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frown

[froun] /fraʊn/
verb (used without object)
1.
to contract the brow, as in displeasure or deep thought; scowl.
2.
to look displeased; have an angry look.
3.
to view with disapproval; look disapprovingly (usually followed by on or upon):
to frown upon a scheme.
verb (used with object)
4.
to express by a frown:
to frown one's displeasure.
5.
to force or shame with a disapproving frown:
to frown someone into silence.
noun
6.
a frowning look; scowl.
7.
any expression or show of disapproval:
a tax bill that received Congressional frowns.
Origin
1350-1400
1350-1400; Middle English frounen < Old French froignier, derivative of froigne surly expression, probably < Gaulish *frognā; compare Welsh ffroen, Old Breton fron nostril, Old Irish srón nose < Celtic *srognā or *sroknā
Related forms
frowner, noun
frowningly, adverb
half-frowning, adjective
half-frowningly, adverb
unfrowning, adjective
Synonyms
1. glower, lower, gloom.
Dictionary.com Unabridged
Based on the Random House Dictionary, © Random House, Inc. 2014.
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Examples from the web for frowning
  • They used the toxin to deaden the muscles that control frowning.
  • Securities regulators contributed to the problem, frowning on boom-time reserve-building as possible profit-smoothing in disguise.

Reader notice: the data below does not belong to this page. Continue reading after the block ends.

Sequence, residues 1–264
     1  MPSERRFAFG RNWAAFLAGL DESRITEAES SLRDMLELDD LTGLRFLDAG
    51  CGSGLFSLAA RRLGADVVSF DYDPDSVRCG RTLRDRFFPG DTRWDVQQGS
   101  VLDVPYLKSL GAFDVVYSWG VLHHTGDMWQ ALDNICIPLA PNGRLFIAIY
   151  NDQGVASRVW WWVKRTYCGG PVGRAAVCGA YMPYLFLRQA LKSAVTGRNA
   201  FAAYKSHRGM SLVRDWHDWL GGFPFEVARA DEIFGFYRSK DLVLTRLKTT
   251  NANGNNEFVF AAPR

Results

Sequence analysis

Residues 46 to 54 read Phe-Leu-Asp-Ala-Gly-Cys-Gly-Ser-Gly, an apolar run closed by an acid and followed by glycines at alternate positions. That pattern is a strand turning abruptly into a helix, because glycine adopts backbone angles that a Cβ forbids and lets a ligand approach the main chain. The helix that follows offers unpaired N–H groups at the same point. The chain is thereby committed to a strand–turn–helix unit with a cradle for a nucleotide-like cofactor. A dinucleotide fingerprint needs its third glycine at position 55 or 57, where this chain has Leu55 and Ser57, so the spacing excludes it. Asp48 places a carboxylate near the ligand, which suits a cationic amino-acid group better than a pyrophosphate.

• In the upset position the corners of his mouth had been turned down, giving him a frowning expression.
  • It is working because even some of the old guard are now frowning upon any acts of brutality or degradation.
  • frowning, she puts pen to paper and begins to write.
  • The name won't make you smile, but the injection can keep you from frowning.
  • Eleven people sit at a table in the empty orchestra section, frowning at their notebooks.
  • Finds that smiling and frowning have strong effects while the effects of posture and gesture are weaker.
  • The sea is frowning on us today, and seems none too friendly as it tosses us about in a myriad of directions.
  • During the task, the test administrator noted any behaviors that indicated confusion, such as hesitation and frowning.
British Dictionary definitions for frowning

frown

/fraʊn/
verb
1.
(intransitive) to draw the brows together and wrinkle the forehead, esp in worry, anger, or concentration
2.
(intransitive; foll by on or upon) to have a dislike (of); look disapprovingly (upon): the club frowned upon political activity by its members
3.
(transitive) to express (worry, etc) by frowning
4.
(transitive) often foll by down. to force, silence, etc, by a frowning look
noun
5.
the act of frowning
6.
a show of dislike or displeasure
Derived Forms
frowner, noun
frowningly, adverb
Word Origin
C14: from Old French froigner, of Celtic origin; compare Welsh ffroen nostril, Middle Breton froan
Collins English Dictionary - Complete & Unabridged 2012 Digital Edition
© William Collins Sons & Co. Ltd. 1979, 1986 © HarperCollins
Publishers 1998, 2000, 2003, 2005, 2006, 2007, 2009, 2012
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Word Origin and History for frowning

frown

v.

late 14c., from Old French frognier "to frown or scowl, snort, turn one's nose up," related to froigne "scowling look," probably from Gaulish *frogna "nostril" (cf. Welsh ffroen "nose"), with a sense of "snort," or perhaps "haughty grimace." Related: Frowned; frowning.

n.

1580s, from frown (v.).

Online Etymology Dictionary, © 2010 Douglas Harper
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